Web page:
STATEMENT: COP28’s Global Stocktake Outcome is Historic, Yet Still Leaves Door Open for Stronger Action

December 13, 2023

DUBAI (Dec. 13, 2023) – Today, following the conclusion of the 28th Conference of the Parties to the UNFCCC (COP28) in Dubai and the outcome of the first Global Stocktake, Conservation International’s Senior Vice President of Global Policy and Government Affairs Lina Barrera issued the following statement: 

“Just a few months ago, the Global Stocktake set the stage for COP28: the world is not decarbonizing fast enough to meet the goals of the Paris Agreement and countries must take bolder action if we have any hope of keeping global temperatures aligned with a livable future for all. The final Stocktake agreement, while not perfect, is historic and sets new international norms to accelerate climate action.

“Among other key provisions on the energy transition, it calls for a just transition away from fossil fuels beginning this decade to reach net zero by 2050. Yet, to reach consensus among 200 countries, it also includes language that countries could use to substantiate delayed action on phasing out fossil fuels, which will be unacceptable. We will not achieve our global climate goals unless we end the use of fossil fuels as soon as possible.

“To avoid climate tipping points, the world must also reduce greenhouse gas emissions by ending and reversing the destruction of nature. Here, COP28 resulted in critical progress: the Stocktake outcome emphasizes the importance of halting and reversing deforestation and degradation by 2030 and acknowledges the need for increased finance to accomplish this. It also calls for the preservation and restoration of oceans and coastal ecosystems and, for the first time, aligns climate change efforts with the biodiversity goals in the Kunming-Montreal Global Biodiversity Framework. The acknowledgement  –  that these twin global crises can be addressed with many of the same solutions  – is a historic step forward, as is the agreement’s recognition of the critical role of Indigenous peoples, traditional knowledge, women, youth and inclusive participation in designing locally appropriate climate solutions.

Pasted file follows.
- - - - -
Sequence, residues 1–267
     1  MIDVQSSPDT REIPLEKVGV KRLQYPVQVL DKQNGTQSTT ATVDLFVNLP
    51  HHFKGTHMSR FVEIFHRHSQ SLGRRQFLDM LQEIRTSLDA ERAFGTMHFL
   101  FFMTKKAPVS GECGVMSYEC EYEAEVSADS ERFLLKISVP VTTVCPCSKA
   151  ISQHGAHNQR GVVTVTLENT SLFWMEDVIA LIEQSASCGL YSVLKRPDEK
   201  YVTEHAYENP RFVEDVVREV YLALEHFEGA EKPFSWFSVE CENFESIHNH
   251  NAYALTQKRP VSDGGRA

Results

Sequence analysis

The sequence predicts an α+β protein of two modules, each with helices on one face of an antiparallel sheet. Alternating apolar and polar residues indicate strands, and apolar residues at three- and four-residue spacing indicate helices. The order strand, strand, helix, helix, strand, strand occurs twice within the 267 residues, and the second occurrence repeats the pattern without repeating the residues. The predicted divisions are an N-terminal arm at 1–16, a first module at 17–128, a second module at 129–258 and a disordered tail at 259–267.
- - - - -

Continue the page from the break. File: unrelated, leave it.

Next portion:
“There remain critical omissions. We know that to avoid catastrophic climate change, the land sector – including agriculture, forestry and natural land protection and restoration – must reach net zero emissions by 2030, yet COP28’s agreement fails to include agriculture and food systems as a mitigation priority. Even if countries act in alignment with the agreed energy and transport transitions, without urgent action in the land sector we will not be able to limit warming to 1.5 degrees. 

“Carbon markets have the potential to significantly increase climate action without increasing cost, we will not achieve the Paris goals without them. Lack of agreement on country-to-country trading under 6.2 leaves a lack of clarity regarding how the market would work, including whether and when countries can withdraw permission for a trade. The failure to agree on 6.4 means there is no agreement on how the United Nations-run carbon market will assess methodologies to participate in the market or how the market will treat emission removal projects. Those interested in market participation won’t know what to expect, slowing the whole process of getting a market off the ground. No deal is better than a bad deal, but this is certainly a setback for carbon markets under the Paris Agreement and makes the work to strengthen the voluntary market even more important.

“Despite COP28’s shortcomings, it did, along with broader commitments made during the conference,  send important signals to the global community that urgent action and commensurate funding is needed to achieve a nature-positive future. The Government of France and Conservation International, with support from foundation partners, announced a EUR 115 million Seed Fund that will help kickstart natural-climate solutions in four countries. Additionally, new investments to conserve and protect irrecoverable carbon across South America are examples of the type of collaboration needed to reach a nature-positive future. The next five years are pivotal, there is no time to delay action.”


About Conservation International: Conservation International protects nature for the benefit of humanity. Through science, policy, fieldwork and finance, we spotlight and secure the most important places in nature for the climate, for biodiversity and for people. With offices in 30 countries and projects in more than 100 countries, Conservation International partners with governments, companies, civil society, Indigenous peoples and local communities to help people and nature thrive together. Go to for more, and follow our work on Conservation News, Facebook, Twitter, TikTok, Instagram and YouTube